Traumatic cardiac arrest
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|Traumatic cardiac arrest|
Traumatic cardiac arrest (TCA) is a condition in which the heart has ceased to beat due to blunt or penetrating trauma, such as a stab wound to the thoracic area. It is a medical emergency which will always result in death without prompt advanced medical care. Even with prompt medical intervention, survival without neurological complications is rare. There are no definitive protocols in place in how to manage traumatic cardiac arrest, but certain people benefit from the use of a thoracotomy in order to gain access and repair damage from the injury. Traumatic cardiac arrest is a complex form of cardiac arrest often derailing from Advanced Cardiac Life Support in the sense that the emergency team must first establish the cause of the traumatic arrest and reverse these effects, for example hypovolemia and haemorrhagic shock due to a penetrating injury.
- Hunt PA, Greaves I, Owens WA (January 2006). "Emergency thoracotomy in thoracic trauma-a review". Injury. 37 (1): 1–19. doi:10.1016/j.injury.2005.02.014. PMID 16410079. Retrieved 2012-07-28.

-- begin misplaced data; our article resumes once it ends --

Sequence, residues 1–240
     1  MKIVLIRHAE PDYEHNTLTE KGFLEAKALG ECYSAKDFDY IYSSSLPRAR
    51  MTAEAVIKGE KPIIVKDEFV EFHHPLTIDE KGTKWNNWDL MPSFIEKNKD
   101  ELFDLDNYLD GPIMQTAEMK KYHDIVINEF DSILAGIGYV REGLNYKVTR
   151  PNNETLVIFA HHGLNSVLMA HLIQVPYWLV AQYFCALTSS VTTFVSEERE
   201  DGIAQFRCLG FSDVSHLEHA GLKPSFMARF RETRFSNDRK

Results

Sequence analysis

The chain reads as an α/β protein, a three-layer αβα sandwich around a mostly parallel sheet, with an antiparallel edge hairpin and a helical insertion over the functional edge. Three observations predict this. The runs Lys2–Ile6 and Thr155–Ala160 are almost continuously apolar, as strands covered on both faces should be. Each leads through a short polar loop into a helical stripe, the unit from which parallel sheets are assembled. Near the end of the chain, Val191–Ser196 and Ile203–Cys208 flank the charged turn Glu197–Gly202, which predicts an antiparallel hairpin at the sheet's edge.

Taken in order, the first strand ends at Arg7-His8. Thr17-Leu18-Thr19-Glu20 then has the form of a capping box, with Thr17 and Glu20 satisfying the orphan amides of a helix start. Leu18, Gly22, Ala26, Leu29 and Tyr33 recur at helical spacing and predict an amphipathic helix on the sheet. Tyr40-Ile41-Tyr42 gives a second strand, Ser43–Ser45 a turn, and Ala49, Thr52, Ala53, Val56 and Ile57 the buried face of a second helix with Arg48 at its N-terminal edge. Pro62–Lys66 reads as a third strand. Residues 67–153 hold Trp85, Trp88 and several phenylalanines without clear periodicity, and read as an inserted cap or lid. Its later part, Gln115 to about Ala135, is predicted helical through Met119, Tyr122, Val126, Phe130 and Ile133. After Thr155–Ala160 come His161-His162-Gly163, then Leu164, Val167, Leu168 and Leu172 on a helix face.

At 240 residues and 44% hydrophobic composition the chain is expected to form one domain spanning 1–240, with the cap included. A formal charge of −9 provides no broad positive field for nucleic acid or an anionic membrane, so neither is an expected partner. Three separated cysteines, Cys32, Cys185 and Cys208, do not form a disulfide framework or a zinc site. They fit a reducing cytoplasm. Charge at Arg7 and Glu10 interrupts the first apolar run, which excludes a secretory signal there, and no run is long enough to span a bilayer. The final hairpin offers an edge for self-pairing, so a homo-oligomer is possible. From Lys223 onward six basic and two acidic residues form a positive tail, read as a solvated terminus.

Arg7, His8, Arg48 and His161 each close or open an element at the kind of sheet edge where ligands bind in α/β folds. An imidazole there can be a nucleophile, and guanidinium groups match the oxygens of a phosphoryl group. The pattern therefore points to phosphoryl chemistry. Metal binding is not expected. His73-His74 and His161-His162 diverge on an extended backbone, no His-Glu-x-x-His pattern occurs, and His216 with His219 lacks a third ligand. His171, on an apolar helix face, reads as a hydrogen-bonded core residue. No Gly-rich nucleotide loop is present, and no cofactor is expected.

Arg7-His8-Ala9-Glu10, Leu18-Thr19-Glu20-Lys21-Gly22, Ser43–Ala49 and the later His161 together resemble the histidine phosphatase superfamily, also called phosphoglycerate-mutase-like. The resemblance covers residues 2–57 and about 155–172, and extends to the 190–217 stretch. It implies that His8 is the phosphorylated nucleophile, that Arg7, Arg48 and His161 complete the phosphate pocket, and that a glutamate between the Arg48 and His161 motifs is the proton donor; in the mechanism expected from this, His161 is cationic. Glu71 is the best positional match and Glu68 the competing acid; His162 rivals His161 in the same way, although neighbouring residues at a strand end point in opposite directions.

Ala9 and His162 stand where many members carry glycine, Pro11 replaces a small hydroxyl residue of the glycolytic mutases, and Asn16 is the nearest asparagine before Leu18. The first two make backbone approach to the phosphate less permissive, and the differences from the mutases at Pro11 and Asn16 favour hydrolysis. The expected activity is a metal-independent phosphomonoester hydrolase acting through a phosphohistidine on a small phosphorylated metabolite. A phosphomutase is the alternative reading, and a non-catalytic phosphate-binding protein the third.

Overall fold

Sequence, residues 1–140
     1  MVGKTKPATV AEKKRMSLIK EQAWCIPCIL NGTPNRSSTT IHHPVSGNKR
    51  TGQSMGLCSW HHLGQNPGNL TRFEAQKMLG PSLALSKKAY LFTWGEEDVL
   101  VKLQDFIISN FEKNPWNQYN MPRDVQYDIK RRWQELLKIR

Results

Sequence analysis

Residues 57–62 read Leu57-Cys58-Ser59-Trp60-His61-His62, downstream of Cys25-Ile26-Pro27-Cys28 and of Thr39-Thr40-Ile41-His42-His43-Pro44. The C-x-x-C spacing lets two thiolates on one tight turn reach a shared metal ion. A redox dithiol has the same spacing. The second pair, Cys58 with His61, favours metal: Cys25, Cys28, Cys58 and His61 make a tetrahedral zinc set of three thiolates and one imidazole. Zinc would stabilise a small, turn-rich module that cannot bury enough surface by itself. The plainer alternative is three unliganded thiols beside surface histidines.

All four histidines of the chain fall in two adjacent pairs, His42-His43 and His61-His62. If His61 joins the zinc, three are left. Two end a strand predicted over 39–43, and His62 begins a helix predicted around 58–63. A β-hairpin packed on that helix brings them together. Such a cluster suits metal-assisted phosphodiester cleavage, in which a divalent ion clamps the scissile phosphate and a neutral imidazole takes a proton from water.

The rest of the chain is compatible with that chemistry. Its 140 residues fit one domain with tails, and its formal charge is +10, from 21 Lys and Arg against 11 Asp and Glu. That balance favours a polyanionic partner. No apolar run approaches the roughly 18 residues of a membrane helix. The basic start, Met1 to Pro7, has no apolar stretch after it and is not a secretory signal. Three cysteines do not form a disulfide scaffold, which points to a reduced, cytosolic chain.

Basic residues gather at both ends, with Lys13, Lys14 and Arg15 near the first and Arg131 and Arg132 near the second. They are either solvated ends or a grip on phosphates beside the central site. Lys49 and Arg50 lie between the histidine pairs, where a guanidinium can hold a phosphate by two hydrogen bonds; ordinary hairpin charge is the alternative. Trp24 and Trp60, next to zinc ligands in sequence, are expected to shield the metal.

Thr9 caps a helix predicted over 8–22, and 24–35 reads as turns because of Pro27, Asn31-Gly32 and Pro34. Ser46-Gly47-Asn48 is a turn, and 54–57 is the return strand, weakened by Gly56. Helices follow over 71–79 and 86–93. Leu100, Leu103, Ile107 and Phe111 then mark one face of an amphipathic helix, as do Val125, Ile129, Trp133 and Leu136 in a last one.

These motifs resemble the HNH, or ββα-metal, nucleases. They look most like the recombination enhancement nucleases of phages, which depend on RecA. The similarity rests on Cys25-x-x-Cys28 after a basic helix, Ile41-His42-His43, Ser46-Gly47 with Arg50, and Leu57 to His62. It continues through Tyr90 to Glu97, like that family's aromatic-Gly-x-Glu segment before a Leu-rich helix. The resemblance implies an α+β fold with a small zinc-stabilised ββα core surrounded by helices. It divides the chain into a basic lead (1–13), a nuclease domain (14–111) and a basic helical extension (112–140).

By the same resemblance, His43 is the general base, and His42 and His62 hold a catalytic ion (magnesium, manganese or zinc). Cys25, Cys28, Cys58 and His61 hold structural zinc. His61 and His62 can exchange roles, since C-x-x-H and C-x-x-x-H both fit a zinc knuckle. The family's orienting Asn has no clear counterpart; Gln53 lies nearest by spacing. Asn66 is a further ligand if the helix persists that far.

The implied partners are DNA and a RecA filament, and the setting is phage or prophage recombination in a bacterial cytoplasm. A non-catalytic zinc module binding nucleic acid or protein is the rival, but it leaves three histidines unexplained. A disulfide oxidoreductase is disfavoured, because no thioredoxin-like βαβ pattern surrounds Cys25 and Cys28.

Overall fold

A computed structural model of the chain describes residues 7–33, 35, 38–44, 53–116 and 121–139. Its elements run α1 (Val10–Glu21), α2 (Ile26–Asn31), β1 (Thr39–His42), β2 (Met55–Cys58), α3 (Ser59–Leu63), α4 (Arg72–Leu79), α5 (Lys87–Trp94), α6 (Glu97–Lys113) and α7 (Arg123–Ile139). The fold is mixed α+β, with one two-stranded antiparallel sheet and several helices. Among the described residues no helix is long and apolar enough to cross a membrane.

- Gräsner JT, Wnent J, Seewald S, et al. (2011). "Cardiopulmonary resuscitation traumatic cardiac arrest--there are survivors. An analysis of two national emergency registries". Critical Care (London, England). 15 (6): R276. doi:10.1186/cc10558. PMC . PMID 22108048. Retrieved 2012-07-31.
- Cothren CC, Moore EE (2006). "Emergency department thoracotomy for the critically injured patient: Objectives, indications, and outcomes" (PDF). World Journal of Emergency Surgery. 1: 4. doi:10.1186/1749-7922-1-4. PMC . PMID 16759407. Retrieved 2012-08-02.
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